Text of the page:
Farming Faces a “New World” with Research, Subsurface Drip Irrigation and Data

Original article by Southwest Farm Press

Nothing drives home the importance of improving irrigation efficiency like a four-year drought.

“Farmers are just trying to keep up,” said Caddo County, Oklahoma, Cooperative Extension Educator David Nowlin at the inaugural Oklahoma Irrigation Conference held recently in Fort Cobb. “With new research on moisture sensors, drop nozzles, subsurface drip irrigation (SDI), new apps for smartphones and Mesonet data, it’s a whole new world.”

The issue has been even more pressing in the Southwest for the past four years during one of the worst stretches of drought on record.

Nowlin said technology will play a crucial role in helping farmers maintain yield goals with increased pressure on water resources. The conference focused on innovations currently available to Southwest farmers.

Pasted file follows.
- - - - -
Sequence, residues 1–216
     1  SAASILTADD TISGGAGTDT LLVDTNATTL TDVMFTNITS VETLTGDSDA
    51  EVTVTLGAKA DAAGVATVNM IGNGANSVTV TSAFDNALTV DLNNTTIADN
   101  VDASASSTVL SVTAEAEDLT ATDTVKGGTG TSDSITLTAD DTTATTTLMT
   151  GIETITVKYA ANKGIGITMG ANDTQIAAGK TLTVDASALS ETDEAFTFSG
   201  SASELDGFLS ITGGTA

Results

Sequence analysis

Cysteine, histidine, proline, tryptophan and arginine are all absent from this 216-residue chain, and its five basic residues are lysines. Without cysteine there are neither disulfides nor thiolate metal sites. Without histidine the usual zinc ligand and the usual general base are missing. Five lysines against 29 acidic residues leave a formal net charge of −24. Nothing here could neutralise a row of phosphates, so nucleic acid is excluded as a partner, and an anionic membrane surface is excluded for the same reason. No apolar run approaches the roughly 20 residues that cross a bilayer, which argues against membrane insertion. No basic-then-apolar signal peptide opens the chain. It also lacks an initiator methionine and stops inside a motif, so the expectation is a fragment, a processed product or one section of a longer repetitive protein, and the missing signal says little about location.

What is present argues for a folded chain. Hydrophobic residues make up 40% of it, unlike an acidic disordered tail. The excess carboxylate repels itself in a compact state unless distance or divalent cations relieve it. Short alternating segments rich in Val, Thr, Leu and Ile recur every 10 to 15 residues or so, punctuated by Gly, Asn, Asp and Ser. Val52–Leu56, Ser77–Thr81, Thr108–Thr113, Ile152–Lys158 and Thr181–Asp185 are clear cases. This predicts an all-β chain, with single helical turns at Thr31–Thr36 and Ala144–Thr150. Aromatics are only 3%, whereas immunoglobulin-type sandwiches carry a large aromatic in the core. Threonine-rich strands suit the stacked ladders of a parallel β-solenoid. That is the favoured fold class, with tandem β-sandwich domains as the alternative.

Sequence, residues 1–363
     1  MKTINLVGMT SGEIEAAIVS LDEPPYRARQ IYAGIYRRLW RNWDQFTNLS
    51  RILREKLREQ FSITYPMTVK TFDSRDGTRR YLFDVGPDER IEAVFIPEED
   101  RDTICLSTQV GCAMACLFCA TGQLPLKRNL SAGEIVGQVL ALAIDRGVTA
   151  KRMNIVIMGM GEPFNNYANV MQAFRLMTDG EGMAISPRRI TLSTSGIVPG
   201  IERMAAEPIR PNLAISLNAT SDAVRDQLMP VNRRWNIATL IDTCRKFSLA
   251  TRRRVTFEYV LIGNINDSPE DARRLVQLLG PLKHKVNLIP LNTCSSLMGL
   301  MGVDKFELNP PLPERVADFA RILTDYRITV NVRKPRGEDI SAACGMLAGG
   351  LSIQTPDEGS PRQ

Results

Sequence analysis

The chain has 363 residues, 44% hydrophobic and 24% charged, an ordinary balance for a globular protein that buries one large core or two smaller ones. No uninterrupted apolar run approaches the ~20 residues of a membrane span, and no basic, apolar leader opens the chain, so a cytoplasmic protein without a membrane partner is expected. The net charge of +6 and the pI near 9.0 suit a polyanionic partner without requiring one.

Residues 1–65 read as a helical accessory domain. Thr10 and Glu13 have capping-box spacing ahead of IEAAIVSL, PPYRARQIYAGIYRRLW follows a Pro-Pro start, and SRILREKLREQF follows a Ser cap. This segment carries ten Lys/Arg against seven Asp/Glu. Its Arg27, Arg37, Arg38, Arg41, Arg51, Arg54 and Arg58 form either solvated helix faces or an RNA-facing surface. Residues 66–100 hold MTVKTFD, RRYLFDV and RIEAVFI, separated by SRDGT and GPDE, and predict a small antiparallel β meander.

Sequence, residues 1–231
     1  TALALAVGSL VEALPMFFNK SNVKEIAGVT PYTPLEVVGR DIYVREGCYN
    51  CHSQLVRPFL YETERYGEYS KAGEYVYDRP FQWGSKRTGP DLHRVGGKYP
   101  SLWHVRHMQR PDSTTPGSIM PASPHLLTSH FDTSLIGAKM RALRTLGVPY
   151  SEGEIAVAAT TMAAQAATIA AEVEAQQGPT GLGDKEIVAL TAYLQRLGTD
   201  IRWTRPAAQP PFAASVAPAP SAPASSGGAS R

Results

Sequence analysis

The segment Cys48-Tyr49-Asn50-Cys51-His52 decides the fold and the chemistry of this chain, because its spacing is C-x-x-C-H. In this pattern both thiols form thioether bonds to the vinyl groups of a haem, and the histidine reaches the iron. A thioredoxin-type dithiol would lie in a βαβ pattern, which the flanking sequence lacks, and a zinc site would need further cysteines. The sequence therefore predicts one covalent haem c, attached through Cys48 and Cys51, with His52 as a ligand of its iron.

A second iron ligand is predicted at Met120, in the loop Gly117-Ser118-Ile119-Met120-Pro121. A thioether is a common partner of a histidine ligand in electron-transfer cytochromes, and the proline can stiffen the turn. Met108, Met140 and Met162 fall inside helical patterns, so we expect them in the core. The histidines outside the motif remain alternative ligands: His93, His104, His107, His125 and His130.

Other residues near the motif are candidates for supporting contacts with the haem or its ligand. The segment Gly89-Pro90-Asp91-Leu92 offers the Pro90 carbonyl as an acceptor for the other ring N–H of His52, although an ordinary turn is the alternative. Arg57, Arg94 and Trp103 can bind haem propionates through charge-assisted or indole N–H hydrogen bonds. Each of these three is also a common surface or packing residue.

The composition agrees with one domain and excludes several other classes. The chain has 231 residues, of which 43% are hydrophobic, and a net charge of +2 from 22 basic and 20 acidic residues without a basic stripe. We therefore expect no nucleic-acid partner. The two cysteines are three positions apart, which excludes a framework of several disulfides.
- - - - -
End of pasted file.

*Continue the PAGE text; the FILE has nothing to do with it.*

The Oklahoma Mesonet, for instance, a network of environmental monitoring stations, offers farmers a tool to help them get “the most benefit from the water. It helps determine ‘when and how much,’” said Al Sutherland, OSU Mesonet Agricultural Coordinator.

Sutherland explained how the system functions and how farmers can use the data to make better use of irrigation water resources.

“Often in hot, dry summers, farmers simply turn on irrigation systems and let them run,” Sutherland said. “But with subsurface drip irrigation systems and during years with more rain, producers need to make decisions on when to irrigate.”

The Mesonet system uses factors such as soil type, temperature, humidity, wind speed and solar radiation to determine evapotranspiration rate. The system website ( also includes an irrigation planner that helps farmers determine when and how much water to apply to growing crops.

Sutherland said the program works well with a tablet or laptop computer but not as well on a smartphone.

Mesonet analyzes a set of variables to determine plant moisture needs—water demand potential, Sutherland said. The irrigation planner “is simple to use,” Sutherland said. Farmers have to provide pertinent information about their crops, including the particular crop, planting date, estimated days to maturity and other factors.

The planner develops a number that shows plant need and irrigation application amount compared to rainfall to create a water balance number, which is the trigger for irrigation. “The irrigation planner shows how much water a farmer needs to apply to the crop,” Sutherland said.